Foreword: Providing a firstclass service in the heart of Europe

Posted: 12 February 2014 | | No comments yet

Since its last elections which took place in October 2013, Luxembourg has a new government and I am very happy to be in charge of Infrastructure, Sustainable Development and Mobility. As a matter of fact, sustainable development is a significant factor of the Luxembourgish governmental programme and we will take a close look at how to guarantee the coherence of the different sectors with a view to reach the priorities and objectives fixed among others in the second national plan for sustainable development.

This sustainable development is conditioned by an interaction of economic, social, cultural and ecologic dimensions while conciliating the legitimate interests of the present and future generations. The new government will give high priority to the elimination of bottlenecks which currently hamper both professional and recreational mobility. The aim is to give public transport a higher priority. In this respect a local integrated transport strategy called ‘Gentle Mobility’ will be considered which aims to promote walking, cycling and public transport and to limit car use.

The government will also give high priority to the development of the country’s rail network, tramway network, plus all related infrastructures. 

Concerning the specific development of the railway network, priority will be given to the construction of the new railway line between Luxembourg City and Bettembourg, thus doubling the capacity of this highly used line which is also part of Rail Freight Corridor 2.

In order to improve the quality of life for the citizens of Luxembourg and to increase the use of public transport against private motorised traffic (25/75%) emphasis will be given to the development of intermodal platforms as well as park and ride schemes on the main corridors around Luxembourg City.

The government strives to consolidate the concept of cross-border as well as international railway connections in order to guarantee the connection of the Luxembourgish railway network to the European railway system.

As to our connections to France, I highly appreciate the excellent offering to Paris by six TGV journeys per day. In this respect we are looking forward to the commercial start of the second phase of the ‘LGV Est européenne’, guaranteeing us four TGV journeys per day between Luxembourg and Strasbourg.

The putting in service of the high-speed connection to Strasbourg will be the realisation of the first part of the EuroCap-Rail project which endeavors to improve the rail interconnection of the three European cities – Brussels, Strasbourg and Luxembourg – through the modernisation of the railway infrastructure and the running of comfortable high performance trains. Discussions will have to be led on with the Belgium Government in order to address the unsatisfying situation between Luxembourg and Brussels; specifically concerning the long journey times.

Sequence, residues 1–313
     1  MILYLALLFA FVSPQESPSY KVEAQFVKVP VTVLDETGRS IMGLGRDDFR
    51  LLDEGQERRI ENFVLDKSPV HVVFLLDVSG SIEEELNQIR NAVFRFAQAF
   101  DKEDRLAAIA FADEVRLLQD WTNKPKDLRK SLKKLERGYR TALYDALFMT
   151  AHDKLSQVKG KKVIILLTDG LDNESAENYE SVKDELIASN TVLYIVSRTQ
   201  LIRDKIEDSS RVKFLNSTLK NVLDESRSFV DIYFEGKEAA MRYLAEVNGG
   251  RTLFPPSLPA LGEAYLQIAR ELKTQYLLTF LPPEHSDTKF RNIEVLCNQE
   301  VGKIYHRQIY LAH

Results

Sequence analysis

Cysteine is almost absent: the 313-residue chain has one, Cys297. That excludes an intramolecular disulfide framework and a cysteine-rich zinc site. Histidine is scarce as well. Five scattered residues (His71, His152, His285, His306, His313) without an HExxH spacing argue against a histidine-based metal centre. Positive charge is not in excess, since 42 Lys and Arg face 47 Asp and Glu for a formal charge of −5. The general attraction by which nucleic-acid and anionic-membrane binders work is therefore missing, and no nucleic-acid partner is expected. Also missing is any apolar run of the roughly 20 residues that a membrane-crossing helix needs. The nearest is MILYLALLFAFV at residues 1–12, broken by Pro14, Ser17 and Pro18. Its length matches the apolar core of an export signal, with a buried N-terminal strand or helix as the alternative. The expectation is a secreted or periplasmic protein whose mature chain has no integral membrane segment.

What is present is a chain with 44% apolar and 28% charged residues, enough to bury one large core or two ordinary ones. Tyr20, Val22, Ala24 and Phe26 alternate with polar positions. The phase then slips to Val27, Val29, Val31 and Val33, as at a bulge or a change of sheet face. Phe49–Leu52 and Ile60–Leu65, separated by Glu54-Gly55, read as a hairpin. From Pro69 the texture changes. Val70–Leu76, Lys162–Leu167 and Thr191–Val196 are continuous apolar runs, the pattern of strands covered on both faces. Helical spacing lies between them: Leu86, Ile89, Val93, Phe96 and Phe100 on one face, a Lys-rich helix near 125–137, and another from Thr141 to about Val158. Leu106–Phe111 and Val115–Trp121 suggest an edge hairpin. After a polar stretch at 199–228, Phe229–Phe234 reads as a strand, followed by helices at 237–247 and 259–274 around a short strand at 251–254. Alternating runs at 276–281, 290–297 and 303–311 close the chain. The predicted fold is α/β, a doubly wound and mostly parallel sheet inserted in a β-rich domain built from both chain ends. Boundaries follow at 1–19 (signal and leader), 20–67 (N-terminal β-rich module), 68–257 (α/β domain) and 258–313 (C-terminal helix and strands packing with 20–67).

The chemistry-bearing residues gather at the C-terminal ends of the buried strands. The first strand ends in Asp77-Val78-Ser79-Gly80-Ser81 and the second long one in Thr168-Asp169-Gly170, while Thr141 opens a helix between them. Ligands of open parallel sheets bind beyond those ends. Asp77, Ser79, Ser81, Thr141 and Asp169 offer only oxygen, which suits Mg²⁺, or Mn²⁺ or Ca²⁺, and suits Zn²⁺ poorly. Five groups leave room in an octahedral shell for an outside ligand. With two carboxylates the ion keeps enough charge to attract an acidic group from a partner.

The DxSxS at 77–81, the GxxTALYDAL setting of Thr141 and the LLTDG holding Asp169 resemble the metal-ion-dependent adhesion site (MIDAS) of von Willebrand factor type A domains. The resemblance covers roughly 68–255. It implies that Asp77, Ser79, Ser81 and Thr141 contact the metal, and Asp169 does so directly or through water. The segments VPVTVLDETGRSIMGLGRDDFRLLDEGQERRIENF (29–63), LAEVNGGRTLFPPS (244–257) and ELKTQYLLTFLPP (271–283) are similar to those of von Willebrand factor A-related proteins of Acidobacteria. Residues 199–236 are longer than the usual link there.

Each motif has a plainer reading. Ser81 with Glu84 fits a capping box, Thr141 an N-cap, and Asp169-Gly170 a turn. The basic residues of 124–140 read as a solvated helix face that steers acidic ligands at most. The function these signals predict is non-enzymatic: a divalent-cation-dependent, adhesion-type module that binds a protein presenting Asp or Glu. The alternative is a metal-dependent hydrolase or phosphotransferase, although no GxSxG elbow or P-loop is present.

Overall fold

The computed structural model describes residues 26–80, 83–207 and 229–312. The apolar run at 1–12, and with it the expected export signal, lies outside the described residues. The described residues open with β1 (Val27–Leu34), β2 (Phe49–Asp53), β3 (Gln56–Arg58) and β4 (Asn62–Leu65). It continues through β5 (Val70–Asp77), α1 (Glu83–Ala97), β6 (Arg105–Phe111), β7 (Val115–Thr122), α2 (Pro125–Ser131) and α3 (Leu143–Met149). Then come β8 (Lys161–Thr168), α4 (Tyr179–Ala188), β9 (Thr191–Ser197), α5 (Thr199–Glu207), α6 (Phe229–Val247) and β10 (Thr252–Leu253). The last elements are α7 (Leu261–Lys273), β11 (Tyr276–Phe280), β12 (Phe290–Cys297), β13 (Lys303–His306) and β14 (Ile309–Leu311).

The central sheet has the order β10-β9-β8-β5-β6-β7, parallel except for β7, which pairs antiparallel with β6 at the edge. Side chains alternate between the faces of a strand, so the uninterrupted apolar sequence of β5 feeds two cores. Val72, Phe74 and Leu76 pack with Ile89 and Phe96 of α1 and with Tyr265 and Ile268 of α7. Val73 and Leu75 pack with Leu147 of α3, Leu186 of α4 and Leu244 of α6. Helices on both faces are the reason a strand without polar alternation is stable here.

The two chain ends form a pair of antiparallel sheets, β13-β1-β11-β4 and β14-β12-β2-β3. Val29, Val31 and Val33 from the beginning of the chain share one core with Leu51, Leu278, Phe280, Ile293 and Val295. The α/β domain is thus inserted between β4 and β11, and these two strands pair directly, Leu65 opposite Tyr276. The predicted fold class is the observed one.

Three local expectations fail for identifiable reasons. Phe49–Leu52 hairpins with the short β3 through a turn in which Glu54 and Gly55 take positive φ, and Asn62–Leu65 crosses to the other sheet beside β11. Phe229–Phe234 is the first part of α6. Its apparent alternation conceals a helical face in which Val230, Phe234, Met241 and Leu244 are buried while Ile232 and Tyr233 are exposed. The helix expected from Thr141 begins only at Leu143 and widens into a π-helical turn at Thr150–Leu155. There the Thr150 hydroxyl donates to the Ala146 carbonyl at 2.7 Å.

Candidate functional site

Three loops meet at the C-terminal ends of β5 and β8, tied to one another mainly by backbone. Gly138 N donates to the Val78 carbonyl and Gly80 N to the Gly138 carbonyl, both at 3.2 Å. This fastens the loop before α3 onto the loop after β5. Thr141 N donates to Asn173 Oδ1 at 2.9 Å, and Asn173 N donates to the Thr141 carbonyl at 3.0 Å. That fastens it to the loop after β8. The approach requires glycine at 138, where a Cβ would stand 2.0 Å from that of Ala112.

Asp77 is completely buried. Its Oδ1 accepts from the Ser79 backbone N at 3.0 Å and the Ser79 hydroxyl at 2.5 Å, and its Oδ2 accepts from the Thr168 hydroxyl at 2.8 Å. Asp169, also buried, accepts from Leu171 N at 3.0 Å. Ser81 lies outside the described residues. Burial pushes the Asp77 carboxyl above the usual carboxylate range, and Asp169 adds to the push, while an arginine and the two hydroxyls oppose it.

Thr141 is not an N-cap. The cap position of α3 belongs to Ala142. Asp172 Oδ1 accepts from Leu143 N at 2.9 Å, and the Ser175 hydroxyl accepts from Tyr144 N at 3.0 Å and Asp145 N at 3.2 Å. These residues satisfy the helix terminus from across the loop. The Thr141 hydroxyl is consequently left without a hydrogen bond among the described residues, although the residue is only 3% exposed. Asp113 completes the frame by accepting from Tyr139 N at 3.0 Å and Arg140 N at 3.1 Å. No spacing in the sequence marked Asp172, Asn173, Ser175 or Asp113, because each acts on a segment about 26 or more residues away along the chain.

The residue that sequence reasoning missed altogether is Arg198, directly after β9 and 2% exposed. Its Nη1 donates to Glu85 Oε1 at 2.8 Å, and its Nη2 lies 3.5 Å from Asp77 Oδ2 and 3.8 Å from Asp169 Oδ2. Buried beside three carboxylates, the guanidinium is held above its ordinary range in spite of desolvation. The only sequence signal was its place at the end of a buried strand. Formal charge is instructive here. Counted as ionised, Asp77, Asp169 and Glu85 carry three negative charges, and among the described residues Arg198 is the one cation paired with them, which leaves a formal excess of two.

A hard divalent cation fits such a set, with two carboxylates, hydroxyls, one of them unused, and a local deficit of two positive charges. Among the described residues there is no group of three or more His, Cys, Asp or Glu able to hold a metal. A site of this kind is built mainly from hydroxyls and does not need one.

Concerning the connection to Germany, we have reached an agreement to improve the infrastructure capacity on the German border between Igel and Igel-West by doubling the capacity on a 2km-long section, thus improving the punctuality and enabling us to run more trains on our only physical direct train connection to Germany. Starting on 14 December 2014, Luxembourg will be integrated in the so-called ‘Rheinland-Pfalz Takt 2015’ guaranteeing an hourly direct connection to Koblenz by modern double-deck ‘KISS’ series trains from Stadler.

The development of alternative transport modes, and in particular on massified transport links, is one of the major transport politics issues in Europe.

Luxembourg is considered as being situated right in the heart of Europe on one of the best positioned freight corridors – Rail Freight Corridor 2. With Luxembourg being strategically well-positioned to organise its freight traffic, the Luxembourgish Government proactively promotes the country as an international hub for logistics in Europe.

Being encouraged by the success of the logistics centre in Bettembourg which is developing very fast, the success of such logistics solutions requires more space in order to be able to develop properly and offer adequate solutions in that field.

In a nutshell, the new terminal will offer four railway tracks each 700m-long and providing a total capacity of 300,000 containers per year, whereas the rail-road part of the terminal will offer two platforms each 700m-long and a total capacity of 300,000 semi-trailers per year. Thanks to the blend between environmental protection, performance and also the needs of our customers, Luxembourg offers a first-class logistics service right in the heart of Europe.

With the ambition to take into account the need to protect the environment, I will push to encourage and promote the use of the railway as the first mode of choice for both passenger and freight needs.

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